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Introductory Seminars for First-Year Students
Performing America: The Broadway Musical
The Broadway musical has remained in constant dialogue with American culture at large for the last 100 years. Since the beginning, the popular musical theater centered around Broadway and Times Square merged influences from European operetta, African-American ragtime and jazz, patriotic marches, "Tin Pan Alley," vaudeville, and many immigrant traditions. This seminar looks at how the themes, characters, stories, and above all the songs of the Broadway musical continue to reflect ideas of American identity and negotiate themes of race, class, gender roles, and sexual identity in playful but meaningful ways. Intersections with jazz, with the movies, with genres of rock and pop, and with contemporary media are also essential to this story.
Examples will be drawn from popular and influential shows ranging from Showboat, Guys and Dolls, South Pacific, West Side Story and A Chorus Line to Wicked, Hairspray, Next to Normal, The Book of Mormon, Hamilton and Dear Evan Hansen. How has the role of songwriters changed since the days of Irving Berlin, George and Ira Gershwin, Cole Porter, or Rodgers and Hammerstein now that the roles of director, choreographer, producer, marketing and media have assumed new prominence?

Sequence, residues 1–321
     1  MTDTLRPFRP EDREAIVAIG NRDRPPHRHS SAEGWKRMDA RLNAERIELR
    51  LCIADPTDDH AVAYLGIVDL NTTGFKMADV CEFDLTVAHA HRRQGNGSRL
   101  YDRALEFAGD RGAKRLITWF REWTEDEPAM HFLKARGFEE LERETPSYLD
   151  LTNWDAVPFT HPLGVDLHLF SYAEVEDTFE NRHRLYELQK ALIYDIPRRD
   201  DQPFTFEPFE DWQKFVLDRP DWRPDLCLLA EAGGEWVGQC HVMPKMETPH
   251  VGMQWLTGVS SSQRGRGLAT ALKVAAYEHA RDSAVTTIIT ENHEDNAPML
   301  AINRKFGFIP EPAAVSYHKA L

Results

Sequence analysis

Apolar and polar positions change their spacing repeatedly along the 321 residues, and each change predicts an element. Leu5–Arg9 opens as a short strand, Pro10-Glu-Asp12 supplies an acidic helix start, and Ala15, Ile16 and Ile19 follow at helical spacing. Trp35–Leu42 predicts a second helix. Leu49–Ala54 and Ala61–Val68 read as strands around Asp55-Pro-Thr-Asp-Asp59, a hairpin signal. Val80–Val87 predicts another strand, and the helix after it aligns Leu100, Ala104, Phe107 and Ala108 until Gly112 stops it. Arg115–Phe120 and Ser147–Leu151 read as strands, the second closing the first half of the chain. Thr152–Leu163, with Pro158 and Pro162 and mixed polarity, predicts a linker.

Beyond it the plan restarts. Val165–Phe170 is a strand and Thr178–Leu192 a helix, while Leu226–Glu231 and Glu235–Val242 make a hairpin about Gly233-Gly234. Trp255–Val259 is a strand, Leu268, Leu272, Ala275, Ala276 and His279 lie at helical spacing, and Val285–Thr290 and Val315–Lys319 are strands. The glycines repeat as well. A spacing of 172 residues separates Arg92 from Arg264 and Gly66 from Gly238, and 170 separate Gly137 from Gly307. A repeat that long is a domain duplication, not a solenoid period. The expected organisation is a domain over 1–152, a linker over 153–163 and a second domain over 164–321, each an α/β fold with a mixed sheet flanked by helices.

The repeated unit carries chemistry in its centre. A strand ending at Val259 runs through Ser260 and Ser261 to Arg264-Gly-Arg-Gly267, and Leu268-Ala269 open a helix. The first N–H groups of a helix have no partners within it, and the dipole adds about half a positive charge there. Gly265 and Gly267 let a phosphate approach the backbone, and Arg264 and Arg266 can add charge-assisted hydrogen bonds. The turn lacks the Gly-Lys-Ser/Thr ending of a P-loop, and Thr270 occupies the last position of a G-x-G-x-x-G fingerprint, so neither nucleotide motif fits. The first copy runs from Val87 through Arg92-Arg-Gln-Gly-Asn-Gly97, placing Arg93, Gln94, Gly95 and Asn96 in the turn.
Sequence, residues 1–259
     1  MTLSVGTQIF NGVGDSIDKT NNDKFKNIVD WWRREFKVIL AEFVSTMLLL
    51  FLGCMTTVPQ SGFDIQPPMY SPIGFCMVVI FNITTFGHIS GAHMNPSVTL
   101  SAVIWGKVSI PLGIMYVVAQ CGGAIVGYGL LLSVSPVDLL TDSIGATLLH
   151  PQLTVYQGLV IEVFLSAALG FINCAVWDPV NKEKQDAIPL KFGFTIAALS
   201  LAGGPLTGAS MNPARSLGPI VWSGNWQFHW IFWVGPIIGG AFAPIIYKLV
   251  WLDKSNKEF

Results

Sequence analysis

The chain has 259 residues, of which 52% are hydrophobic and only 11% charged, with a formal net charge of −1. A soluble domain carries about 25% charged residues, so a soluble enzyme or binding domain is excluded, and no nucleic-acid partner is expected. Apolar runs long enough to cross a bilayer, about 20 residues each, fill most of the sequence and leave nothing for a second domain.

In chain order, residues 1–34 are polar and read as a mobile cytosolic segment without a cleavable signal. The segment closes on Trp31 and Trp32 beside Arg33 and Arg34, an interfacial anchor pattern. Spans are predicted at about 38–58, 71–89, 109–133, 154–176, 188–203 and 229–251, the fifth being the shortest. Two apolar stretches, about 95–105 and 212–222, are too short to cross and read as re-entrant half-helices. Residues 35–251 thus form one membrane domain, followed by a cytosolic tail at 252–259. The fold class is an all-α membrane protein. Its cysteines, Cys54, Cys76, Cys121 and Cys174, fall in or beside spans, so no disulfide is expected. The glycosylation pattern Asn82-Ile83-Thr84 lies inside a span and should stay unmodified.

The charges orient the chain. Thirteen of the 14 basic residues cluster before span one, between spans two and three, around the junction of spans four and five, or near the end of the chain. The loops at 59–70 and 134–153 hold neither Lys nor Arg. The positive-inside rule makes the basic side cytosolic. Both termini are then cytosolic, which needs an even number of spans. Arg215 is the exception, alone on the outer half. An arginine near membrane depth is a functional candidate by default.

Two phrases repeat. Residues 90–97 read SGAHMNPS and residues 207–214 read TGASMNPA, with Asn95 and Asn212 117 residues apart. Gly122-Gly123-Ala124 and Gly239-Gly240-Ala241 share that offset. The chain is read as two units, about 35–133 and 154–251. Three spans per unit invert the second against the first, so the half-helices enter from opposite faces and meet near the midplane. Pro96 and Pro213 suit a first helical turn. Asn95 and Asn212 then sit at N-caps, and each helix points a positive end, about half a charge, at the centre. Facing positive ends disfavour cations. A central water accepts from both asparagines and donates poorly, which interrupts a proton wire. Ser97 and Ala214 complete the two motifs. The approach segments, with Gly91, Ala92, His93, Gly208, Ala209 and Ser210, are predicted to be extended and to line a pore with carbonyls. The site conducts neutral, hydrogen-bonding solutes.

What has been the impact of the "mega-musical," Disney musicals, the representation of musical theater in television series such as Glee and Smash? How do individual songs become canonized as jazz, cabaret, and concert standards? We will perform informally in class as well as attend and discuss campus productions (Ram's Head), local (TheaterWorks) and San Francisco (SHN series) productions.